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In May, TMAC announced its deal with Shandong at a time when fear and anxiety in Canada over the coronavirus pandemic was reaching an initial peak, and much of the country remained closed.
As of June, 97% of TMAC’s shareholders, including its two largest, both based in Colorado and who together control 53% of the company, Resource Capital Fund and Newmont Corp., the world’s largest gold mining company, voted in favor of the sale.
But news of the merger came amid heightened tensions with China.
In December 2018, the RCMP arrested Meng Wanzhou, a permanent resident of Canada who is also CFO of Chinese telecommunications giant Huawei Technologies Ltd., so that she could be extradited to US prosecutors who accused her of having violated sanctions against Iran, as well as the theft of trade secrets.
Shortly after his arrest, in what many Canadians interpreted as an act of retaliation, China arrested two Canadians accused of espionage: Michael Kovrig, an analyst at the International Crisis Group in Washington and a former diplomat, and Michael Spavor, an entrepreneur who had been living near the North Korean border.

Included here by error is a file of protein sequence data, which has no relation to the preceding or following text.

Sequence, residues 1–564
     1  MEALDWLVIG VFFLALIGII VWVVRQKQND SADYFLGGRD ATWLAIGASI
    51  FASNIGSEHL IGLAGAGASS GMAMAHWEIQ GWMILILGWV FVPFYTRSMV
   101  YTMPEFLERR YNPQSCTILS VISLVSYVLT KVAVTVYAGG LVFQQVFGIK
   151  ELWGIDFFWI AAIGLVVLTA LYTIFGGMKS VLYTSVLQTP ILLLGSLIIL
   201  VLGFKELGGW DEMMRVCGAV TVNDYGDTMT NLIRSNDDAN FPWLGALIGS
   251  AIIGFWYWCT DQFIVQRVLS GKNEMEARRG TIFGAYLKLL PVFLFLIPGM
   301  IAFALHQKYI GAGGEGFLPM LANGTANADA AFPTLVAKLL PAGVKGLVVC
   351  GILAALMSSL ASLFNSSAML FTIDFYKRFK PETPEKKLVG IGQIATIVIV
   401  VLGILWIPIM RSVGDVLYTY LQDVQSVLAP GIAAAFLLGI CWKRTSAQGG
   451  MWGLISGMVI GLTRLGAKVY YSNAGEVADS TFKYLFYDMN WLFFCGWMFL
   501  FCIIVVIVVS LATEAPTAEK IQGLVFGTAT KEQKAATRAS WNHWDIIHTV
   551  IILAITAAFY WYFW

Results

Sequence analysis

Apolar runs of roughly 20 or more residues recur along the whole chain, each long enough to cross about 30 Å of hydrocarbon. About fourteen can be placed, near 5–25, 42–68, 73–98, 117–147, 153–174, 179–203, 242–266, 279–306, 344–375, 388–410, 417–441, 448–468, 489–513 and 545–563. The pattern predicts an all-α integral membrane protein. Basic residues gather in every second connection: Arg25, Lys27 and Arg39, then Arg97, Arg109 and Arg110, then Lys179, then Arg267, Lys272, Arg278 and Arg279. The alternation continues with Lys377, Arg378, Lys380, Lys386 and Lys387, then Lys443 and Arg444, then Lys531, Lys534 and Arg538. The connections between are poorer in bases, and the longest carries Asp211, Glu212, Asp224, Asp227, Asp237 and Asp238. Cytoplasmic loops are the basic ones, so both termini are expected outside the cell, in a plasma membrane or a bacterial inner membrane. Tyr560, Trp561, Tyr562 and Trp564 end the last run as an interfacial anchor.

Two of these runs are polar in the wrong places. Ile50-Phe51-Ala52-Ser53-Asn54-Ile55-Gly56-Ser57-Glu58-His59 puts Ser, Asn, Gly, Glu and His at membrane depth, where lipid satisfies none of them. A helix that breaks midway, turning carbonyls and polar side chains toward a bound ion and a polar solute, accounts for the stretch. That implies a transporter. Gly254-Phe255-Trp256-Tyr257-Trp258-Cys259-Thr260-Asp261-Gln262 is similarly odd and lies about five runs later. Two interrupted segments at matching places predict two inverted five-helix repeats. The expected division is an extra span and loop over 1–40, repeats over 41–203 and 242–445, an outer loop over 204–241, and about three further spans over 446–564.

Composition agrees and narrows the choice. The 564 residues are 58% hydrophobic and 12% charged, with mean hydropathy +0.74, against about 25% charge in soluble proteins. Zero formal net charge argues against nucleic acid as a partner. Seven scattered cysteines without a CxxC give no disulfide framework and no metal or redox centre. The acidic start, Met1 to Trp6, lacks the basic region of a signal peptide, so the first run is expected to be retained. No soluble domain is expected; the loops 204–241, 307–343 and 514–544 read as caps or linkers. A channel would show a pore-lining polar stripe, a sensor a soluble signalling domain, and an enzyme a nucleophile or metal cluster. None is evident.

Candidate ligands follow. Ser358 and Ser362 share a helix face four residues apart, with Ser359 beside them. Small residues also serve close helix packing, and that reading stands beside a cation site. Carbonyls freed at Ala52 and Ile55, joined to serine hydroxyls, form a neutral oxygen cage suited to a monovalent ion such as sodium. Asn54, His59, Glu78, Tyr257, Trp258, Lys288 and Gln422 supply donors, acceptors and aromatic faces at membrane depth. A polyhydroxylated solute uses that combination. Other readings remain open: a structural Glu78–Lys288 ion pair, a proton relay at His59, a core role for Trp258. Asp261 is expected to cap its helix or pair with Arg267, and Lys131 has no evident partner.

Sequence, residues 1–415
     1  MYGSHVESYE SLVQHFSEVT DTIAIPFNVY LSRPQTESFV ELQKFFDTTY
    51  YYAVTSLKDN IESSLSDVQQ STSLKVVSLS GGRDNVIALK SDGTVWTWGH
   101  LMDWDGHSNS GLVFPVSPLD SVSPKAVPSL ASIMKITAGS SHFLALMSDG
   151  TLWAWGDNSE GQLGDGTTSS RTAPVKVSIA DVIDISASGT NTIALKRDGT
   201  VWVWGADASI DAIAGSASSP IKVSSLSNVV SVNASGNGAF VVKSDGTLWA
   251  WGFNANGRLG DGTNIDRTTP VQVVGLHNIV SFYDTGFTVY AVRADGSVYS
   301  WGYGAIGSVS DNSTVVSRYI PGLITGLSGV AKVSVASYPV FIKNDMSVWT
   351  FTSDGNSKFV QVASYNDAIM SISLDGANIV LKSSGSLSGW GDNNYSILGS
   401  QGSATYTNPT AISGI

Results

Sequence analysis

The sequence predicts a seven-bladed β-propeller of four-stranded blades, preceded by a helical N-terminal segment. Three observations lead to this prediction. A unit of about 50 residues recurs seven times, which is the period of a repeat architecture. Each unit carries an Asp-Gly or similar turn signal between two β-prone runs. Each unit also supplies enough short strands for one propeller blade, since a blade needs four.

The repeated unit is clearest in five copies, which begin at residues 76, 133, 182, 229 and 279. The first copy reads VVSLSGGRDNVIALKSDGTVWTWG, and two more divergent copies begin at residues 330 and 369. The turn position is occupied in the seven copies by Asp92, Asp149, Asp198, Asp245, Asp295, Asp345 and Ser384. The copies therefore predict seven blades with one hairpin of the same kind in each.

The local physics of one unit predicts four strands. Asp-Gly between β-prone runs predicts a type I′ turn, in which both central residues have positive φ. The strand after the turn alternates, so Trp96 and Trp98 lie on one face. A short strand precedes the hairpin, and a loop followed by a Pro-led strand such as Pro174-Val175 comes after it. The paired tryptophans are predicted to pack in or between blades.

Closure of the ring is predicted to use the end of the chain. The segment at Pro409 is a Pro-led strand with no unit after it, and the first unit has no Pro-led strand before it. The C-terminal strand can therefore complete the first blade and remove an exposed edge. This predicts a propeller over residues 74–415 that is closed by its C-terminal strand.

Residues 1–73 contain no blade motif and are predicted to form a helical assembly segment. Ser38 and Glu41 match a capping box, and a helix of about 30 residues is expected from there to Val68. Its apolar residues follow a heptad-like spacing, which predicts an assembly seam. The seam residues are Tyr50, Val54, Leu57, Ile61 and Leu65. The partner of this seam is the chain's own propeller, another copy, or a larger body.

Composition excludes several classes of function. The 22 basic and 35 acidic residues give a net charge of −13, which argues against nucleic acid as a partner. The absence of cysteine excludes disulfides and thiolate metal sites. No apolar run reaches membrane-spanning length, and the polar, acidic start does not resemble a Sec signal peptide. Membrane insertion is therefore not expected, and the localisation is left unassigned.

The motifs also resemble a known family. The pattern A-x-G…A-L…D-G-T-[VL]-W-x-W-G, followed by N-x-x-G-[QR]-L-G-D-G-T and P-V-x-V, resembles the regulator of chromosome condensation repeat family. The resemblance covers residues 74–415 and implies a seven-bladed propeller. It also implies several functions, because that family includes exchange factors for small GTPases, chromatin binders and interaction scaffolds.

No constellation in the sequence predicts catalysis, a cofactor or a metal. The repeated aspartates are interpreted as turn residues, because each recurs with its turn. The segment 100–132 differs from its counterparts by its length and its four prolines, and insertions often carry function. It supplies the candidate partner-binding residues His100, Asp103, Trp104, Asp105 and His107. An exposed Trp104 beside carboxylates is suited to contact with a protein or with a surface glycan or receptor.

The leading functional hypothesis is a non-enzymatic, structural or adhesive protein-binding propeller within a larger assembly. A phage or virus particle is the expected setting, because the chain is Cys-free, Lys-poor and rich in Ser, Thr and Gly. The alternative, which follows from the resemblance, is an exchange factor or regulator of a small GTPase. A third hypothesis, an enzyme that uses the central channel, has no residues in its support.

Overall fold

Gordon Houlden, director of the China Institute at the University of Alberta, said he viewed the government’s rejection of Shandong’s purchase of TMAC as part of a trend of less investment by the China in Canada.
He played down national security concerns over a Chinese state-owned company that owns a gold mine in the Arctic, and said he believed a public backlash against China for the arrest of the “Two Michaels” had likely played a role in the government’s decision to block the deal.